Thinking Machines: The Evolution of AI

AI is pervasive in today’s society. Confusion, excitement, and even fear can stir at the mere mention of this “new” technology. We’re here to explain how AI isn’t quite so new to the tech game after all and how it evolved from simple rule-based systems to complex models capable of performing tasks that were once exclusive to humans. Its future holds huge potential, with advancements likely to shape numerous aspects of society and industry. By the end of this article, you will be an AI fan, ready to harness all of this AI power in your best business practices.

At OSTechnical our experts make AI accessible to all business owners helping make each day a little easier. Let’s step back in time and learn all about the evolution of AI.

Early Concepts and Foundations (1950s)

In 1956 the term Artificial Intelligence was coined at the Dartmouth Conference. The foundations of the idea were created when Alan Turing published his paper “Computing Machinery and Intelligence” in 1950. The great thinker posed the question, “Can machines think?” [1]  This was the same year he developed ‘The Turing Test’. This was a test he proposed that would determine whether or not machines could display intelligent behavior. 

The Turing Test:

  1. Setup: Imagine a game with three participants: a human (the judge), another human, and a machine. The judge interacts with the other human and the machine through a computer interface, so they can’t see or hear them directly.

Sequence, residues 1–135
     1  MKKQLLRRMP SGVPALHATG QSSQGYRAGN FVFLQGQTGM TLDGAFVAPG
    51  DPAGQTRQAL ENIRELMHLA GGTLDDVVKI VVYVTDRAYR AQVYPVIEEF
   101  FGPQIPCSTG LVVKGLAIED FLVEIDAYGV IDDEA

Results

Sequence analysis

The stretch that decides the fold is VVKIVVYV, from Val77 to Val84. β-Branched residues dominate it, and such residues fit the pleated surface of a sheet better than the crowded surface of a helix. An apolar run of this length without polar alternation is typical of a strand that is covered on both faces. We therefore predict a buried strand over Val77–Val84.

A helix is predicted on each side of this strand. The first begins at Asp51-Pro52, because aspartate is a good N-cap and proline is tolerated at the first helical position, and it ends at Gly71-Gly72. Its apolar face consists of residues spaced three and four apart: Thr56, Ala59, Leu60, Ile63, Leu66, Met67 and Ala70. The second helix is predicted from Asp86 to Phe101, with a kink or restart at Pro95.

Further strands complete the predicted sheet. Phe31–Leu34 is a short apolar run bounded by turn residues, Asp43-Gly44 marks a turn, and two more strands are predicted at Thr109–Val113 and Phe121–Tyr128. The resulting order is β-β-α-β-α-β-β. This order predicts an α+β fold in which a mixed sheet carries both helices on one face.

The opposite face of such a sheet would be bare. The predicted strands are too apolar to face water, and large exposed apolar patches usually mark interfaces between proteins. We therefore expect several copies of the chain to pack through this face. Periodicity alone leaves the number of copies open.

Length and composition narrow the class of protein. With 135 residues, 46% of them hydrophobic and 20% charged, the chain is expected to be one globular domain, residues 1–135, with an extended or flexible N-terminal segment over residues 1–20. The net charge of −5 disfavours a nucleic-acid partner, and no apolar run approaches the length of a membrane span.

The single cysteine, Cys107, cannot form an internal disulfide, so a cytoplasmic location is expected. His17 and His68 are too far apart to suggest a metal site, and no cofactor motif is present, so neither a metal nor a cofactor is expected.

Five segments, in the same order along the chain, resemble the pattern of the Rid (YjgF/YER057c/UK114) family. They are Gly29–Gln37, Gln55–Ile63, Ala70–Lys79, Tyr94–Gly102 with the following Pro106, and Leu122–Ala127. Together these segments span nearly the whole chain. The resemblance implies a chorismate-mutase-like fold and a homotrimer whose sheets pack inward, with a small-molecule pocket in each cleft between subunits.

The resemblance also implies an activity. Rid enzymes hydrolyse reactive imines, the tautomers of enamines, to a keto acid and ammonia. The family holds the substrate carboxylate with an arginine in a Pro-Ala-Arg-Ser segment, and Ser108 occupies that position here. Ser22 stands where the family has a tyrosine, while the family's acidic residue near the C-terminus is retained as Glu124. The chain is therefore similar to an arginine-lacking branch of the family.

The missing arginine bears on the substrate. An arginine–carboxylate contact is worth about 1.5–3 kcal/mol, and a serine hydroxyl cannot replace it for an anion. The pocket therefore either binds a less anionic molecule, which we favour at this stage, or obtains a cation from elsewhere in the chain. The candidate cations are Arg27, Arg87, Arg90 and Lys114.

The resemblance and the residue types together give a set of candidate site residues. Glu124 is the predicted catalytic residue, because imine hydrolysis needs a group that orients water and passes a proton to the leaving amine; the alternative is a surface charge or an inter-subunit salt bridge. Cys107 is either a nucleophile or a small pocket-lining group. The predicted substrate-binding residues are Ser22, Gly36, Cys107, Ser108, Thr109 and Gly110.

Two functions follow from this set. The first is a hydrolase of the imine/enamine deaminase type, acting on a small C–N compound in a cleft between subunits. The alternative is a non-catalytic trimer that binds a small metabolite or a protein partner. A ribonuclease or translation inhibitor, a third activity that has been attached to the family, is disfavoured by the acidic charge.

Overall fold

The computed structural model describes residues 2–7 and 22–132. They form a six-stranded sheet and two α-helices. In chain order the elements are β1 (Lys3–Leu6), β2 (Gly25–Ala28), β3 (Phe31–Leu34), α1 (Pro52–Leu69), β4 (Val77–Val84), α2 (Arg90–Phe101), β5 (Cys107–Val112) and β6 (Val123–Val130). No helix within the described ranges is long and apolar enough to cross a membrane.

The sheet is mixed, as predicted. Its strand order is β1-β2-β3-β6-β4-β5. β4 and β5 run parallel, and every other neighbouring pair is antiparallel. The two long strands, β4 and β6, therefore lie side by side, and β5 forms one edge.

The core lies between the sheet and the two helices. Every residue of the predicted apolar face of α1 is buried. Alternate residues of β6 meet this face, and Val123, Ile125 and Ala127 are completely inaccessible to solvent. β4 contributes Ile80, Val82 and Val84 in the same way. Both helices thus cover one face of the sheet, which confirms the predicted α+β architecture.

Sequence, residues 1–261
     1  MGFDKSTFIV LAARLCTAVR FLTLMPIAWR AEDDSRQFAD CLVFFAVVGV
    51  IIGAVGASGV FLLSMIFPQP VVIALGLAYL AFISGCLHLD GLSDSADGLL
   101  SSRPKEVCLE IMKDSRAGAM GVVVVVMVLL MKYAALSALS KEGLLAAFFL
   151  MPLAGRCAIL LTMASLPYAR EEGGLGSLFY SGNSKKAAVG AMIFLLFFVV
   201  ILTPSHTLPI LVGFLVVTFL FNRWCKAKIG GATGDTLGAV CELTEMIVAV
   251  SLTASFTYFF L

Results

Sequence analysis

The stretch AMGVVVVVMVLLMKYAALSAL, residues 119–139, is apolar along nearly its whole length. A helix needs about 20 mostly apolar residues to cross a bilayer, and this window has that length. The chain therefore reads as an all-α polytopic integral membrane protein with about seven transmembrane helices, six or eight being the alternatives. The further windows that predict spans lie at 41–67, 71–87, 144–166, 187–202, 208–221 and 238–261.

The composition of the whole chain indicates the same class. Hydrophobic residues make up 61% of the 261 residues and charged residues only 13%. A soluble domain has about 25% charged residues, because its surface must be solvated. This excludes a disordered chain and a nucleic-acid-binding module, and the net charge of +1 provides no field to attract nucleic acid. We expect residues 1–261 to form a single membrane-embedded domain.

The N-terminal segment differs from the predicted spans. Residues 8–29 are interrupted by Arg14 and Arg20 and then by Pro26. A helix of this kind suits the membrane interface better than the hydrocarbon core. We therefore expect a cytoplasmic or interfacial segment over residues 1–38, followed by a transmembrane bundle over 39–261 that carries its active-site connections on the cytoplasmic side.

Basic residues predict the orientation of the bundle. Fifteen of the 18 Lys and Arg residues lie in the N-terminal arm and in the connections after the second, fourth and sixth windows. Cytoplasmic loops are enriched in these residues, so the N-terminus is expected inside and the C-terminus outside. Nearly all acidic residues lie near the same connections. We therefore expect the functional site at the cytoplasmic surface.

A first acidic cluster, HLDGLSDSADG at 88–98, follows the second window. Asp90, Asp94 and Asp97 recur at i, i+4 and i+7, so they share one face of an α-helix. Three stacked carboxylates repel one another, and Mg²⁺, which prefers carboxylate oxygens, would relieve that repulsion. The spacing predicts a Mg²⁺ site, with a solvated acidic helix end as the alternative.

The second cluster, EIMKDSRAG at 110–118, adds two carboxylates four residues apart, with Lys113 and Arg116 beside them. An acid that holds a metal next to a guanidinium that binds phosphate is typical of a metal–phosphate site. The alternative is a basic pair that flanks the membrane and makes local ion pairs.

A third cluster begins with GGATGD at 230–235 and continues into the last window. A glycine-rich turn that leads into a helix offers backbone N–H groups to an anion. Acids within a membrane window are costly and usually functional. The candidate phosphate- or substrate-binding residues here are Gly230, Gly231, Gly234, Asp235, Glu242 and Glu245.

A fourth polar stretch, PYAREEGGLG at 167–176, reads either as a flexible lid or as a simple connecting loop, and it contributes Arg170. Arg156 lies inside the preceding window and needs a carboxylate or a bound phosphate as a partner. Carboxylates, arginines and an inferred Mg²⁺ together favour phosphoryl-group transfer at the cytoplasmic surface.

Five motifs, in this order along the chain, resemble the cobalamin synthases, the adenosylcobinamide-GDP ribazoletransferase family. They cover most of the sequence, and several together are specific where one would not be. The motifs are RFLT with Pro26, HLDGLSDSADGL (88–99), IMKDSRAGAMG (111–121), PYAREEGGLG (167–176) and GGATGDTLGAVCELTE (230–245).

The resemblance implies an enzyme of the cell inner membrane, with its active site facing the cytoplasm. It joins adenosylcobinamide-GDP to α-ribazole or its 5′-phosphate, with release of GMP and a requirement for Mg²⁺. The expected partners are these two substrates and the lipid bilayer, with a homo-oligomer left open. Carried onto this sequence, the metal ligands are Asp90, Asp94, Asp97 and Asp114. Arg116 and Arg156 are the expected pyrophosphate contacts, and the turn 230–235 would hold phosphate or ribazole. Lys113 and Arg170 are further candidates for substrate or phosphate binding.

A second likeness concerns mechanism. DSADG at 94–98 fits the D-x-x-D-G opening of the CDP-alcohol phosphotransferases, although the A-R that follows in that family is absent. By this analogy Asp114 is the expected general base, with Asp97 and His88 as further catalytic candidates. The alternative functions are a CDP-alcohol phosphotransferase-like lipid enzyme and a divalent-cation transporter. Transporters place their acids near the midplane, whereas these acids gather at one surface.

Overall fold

2. Interaction: The judge asks questions to both the human and the machine. The purpose is to try to determine which responses come from the human and which come from the machine.
  3. Evaluation: If the judge frequently cannot tell the difference between the human’s responses and the machine’s responses, then the machine is said to have passed the Turing Test.

In the late 1950s, the first AI programs were developed, such as the Logic Theorist by Allen Newell and Herbert A. Simon, which mimicked human problem-solving skills. The Logic Theorist was like a very smart robot that could solve math puzzles. This project laid the groundwork for future AI research, showing that machines could be programmed to solve complex problems using logical reasoning. [2

Expert Systems and Knowledge Representation (1960s-1980s)

By the 1970s AI moved into the sciences through Expert Systems. These were systems that used AI to mimic the decision-making capabilities of human experts. DENDRAL was developed in 1965 to analyze chemicals. It was used to help figure out the structures of unknown molecules. When chemists had a sample of a chemical but didn’t know what it was, they could give DENDRAL some clues, like information from a special machine (a mass spectrometer) that tells them about the chemical’s parts. This sped up the process of discovering what a chemical looked like and was used widely in industry and academia. [3]

Interest in AI took a giant leap in the 80s. As personal computers grew in popularity so did an interest in making them smart. Expert Systems continued developing and could give specific advice or solve problems in certain specializations such as mechanics. Computers were gaining in intelligence but AI didn’t learn on its own at this point. The dream of what it could one day be solidified though. The problem was these computers just weren’t powerful enough yet.

AI Winter (1990s)

The 1990s were dark days for AI. People were disappointed in what computers could accomplish on their own. It was as if your robot could only partially clean your room and did a mediocre job at best. Funding dried up and interest in AI dwindled as well. Expert Systems were cool but programmers could get any job done without breaking the bank. One of the only exciting highlights is that in 1997, an AI system won the world championship of chess. [4]